5 things to do in Pescara
I have been critical of Pescara in the past, but a recent visit convinced me that the city has been unfairly judged. At least I found these five things to do in Pescara highly enjoyable.
On previous visits to Pescara, I found the most populous city in Abruzzo a lot less attractive than other Italian cities with a population of 120.000 people due to its crude, rational architecture and lack of history, but this year we decided to give the city another chance. This led to the discovery of five highly enjoyable things to do in Pescara, and I’m sure there are more.
1. Walk Across Ponte del Mare
We arrived in Pescara in the afternoon and asked the hotel’s receptionist for unmissable highlights and sights to be enjoyed in Pescara. She pointed us in the direction of the Ponte del Mare and her enthusiasm and pride in the city was unmistakable. ‘It’s such a beautiful walk, especially around sunset, where you are surrounded by endless beaches with the sea on one side and the mountains in the distance’, she said.
I couldn’t agree more. Ponte del Mare was built in 2009 as one of the longest pedestrian and cycle bridge in Europe. Shaped as a sail with a leaning mast and 466 m long, it spans the mouth of the Pescara river and connects the beaches north and south. A freezingly cold wind accompanied us on the spring walk, but clear skies and separate lanes for pedestrians and cyclists made it possible to focus exclusively on the fabulous views.
2. Explore the Port
The port of Pescara is fouled by the presence of a dual carriage way running along the south bank of the river, but if you disregard the concrete, there is a string of queeky fishing boats and commercial vessels with winches, nets and a smell of tar that I find quite attractive.
On the mole reaching out to sea 6 or 7 rather modern looking trabucchi fishing huts balance on concrete breakwaters. They are not weird or pretty enough to be there for decorative purposes only, so I presume they can catch something in spite of short arms and shallow waters.
Opposite the trabucchi a Routa Panoramica ferris wheel with brightly coloured gondolas lure families and children to an empty parking lot that may double as a festival area. When we visited Pescara, a motorcycle fair for a club called Wild Willy had attracted every pair of pointed boots in Central Italy, and I suspect this would be the place to look for travelling fun fairs and circus performances.
3. Dig the Beaches
With a shoreline of 20 km there are wide, sandy beaches everywhere to the north and south of Pescara, and I can’t think of another big Italian city where the beaches are so close to the city centre. This is a major attraction in summer with plenty of beach establishments, shops and restaurants within easy walking distance.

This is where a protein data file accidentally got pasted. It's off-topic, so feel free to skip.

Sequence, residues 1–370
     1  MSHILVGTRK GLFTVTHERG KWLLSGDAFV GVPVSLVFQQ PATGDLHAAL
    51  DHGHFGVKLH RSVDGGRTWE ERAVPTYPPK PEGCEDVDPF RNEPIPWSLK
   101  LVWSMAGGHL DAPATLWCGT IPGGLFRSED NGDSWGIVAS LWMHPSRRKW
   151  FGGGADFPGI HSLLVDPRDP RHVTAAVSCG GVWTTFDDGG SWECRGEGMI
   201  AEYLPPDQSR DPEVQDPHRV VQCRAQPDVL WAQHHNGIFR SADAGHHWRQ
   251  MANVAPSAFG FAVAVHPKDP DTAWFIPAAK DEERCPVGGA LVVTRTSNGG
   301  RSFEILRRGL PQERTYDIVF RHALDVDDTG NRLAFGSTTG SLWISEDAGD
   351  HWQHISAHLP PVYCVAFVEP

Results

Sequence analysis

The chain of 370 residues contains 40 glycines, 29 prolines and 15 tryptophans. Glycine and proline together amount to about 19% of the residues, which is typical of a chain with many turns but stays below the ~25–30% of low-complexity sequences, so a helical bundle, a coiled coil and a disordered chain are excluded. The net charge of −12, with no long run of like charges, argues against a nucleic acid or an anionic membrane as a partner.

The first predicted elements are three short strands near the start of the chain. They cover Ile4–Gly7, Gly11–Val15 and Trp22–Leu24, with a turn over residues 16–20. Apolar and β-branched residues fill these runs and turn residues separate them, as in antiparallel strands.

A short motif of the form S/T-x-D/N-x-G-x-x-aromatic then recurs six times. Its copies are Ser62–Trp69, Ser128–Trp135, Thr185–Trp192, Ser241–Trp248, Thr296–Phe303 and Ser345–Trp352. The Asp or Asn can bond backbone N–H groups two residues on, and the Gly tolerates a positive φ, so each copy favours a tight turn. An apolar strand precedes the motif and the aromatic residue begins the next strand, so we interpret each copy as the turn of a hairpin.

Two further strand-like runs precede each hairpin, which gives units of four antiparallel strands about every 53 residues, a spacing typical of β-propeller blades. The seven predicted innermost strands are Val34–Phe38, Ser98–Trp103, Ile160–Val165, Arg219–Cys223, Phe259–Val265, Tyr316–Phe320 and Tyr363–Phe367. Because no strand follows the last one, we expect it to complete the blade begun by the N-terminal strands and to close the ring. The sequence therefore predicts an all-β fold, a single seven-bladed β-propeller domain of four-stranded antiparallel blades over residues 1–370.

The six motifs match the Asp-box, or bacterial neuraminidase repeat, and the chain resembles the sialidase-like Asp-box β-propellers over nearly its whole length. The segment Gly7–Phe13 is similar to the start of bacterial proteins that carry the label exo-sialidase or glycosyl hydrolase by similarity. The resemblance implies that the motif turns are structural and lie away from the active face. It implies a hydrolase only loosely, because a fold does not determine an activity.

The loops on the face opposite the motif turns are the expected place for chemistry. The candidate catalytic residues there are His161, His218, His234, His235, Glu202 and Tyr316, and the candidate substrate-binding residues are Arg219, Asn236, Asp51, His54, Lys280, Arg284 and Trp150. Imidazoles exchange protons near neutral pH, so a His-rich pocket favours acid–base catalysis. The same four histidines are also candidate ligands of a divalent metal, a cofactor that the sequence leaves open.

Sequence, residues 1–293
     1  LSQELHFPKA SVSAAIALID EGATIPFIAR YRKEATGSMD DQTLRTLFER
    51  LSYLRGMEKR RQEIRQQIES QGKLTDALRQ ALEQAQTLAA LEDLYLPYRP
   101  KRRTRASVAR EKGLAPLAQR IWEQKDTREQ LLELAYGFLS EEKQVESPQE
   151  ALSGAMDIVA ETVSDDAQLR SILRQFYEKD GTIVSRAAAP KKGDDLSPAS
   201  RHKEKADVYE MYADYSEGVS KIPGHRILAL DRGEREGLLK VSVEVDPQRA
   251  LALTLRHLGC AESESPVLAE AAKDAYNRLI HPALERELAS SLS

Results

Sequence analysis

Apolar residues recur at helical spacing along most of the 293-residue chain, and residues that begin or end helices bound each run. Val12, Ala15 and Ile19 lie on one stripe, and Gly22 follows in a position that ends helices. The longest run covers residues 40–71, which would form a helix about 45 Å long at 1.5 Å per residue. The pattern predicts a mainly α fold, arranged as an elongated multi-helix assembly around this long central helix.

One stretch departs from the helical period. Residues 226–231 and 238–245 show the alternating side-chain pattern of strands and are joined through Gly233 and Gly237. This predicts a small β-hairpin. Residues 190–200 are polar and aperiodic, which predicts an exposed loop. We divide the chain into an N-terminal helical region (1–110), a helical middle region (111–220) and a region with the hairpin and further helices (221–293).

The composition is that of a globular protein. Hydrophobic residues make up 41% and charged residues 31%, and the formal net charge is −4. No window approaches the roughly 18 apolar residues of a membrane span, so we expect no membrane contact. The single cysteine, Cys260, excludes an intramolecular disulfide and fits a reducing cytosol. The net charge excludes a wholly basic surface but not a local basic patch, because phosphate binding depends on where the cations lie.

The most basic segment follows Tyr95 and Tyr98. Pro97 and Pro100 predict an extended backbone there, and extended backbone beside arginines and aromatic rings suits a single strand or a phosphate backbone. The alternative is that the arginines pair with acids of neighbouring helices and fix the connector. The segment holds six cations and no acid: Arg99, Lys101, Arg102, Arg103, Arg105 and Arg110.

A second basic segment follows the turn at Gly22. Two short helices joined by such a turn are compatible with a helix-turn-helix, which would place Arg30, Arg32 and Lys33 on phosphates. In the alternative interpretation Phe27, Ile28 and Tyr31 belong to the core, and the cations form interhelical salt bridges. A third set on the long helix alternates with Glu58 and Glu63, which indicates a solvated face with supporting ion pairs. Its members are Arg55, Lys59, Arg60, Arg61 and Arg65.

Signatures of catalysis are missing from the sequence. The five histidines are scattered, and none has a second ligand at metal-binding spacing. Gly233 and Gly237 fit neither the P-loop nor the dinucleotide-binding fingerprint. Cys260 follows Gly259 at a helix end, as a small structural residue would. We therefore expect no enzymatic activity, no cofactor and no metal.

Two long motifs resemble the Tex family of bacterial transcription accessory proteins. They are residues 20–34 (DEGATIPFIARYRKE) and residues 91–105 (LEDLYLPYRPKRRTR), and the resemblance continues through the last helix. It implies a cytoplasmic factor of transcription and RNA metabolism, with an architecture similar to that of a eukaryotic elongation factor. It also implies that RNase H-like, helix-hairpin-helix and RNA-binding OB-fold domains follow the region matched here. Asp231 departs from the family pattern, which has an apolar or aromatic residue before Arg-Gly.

Out of season it’s a joy to stroll along the promenade of Viale della Riviera looking for the most creative and outlandish names for privately owned public facilities. In Italy, the proprietors are generally not satisfied with naming their pizza joint or beach club ‘Da Mauro’ or ‘Bellavista’. We walked past several planets, sun, moon and constellations like the Great Bear and the Southern Cross. There were references to Neptune, sirens, mermaids and other mythological beings. Along with the arbitrary Trieste, Hawaii and Tahiti.
Our study of inventive naming trends ended by Pietro Cascella’s boat sculpture, which in my personal opinion looks like a depressing waste of Carrara marble, but Cascella was a popular local sculptor and his solid works can be found in several places around town.
4. Relaxed Shopping
One of the really attractive features about Pescara is the well regulated traffic. There are big roads and tunnels leading motorized vehicles right into the centre of town, while many of the smaller streets are reserved for pedestrians only. This is a wonder in a country, where you normally have to jump for your life, when you hear the sound of a scooter or a car approaching.
In Pescara there is a huge pedestrian area framed by Corso Umberto I, Corso Vittorio Emanuele II and Via Nicola Fabrizi. In these street you’ll find the best fashion and food shops along with a choice of charming cafes and bars serving coffee and parrozzo or a refreshing Spritz including an ample choice of stuzzichini. Treats that would qualify as ‘hygge’ in Denmark.
5. Night Out in the Old Part of Town
We ended our tour of Pescara in Corso Manthonè south of the river. Corso Manthoné is the centro storico of Pescara, which had topped our list of places to visit upon arrival, but the friendly receptionist advised us to wait until evening.
The old part of Pescara is basically two short parallel streets of typical south Italian houses. This is where you find the birthplace of Gabriele d’Annunzio, which has been turned into a museum. Apart from that, there is nothing must to see of do in this part of Pescara in the daytime, but in the evening the old streets come alive with loads of restaurants and bars. We headed straight for Taverna 58, famous for its intimate atmosphere and local dishes, and had an unforgettable meal that ended with hand whisked zabaione by the table. An culinary experience that tops my list of things to do in Pescara.